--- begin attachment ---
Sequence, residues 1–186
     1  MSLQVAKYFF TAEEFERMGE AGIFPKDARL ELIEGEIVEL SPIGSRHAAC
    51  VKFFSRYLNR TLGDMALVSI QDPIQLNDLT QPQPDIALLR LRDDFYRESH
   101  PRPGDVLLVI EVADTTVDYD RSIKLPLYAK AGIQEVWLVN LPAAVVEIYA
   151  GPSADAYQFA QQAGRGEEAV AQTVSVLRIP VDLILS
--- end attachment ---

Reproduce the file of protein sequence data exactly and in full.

Sequence, residues 1–186
     1  MSLQVAKYFF TAEEFERMGE AGIFPKDARL ELIEGEIVEL SPIGSRHAAC
    51  VKFFSRYLNR TLGDMALVSI QDPIQLNDLT QPQPDIALLR LRDDFYRESH
   101  PRPGDVLLVI EVADTTVDYD RSIKLPLYAK AGIQEVWLVN LPAAVVEIYA
   151  GPSADAYQFA QQAGRGEEAV AQTVSVLRIP VDLILS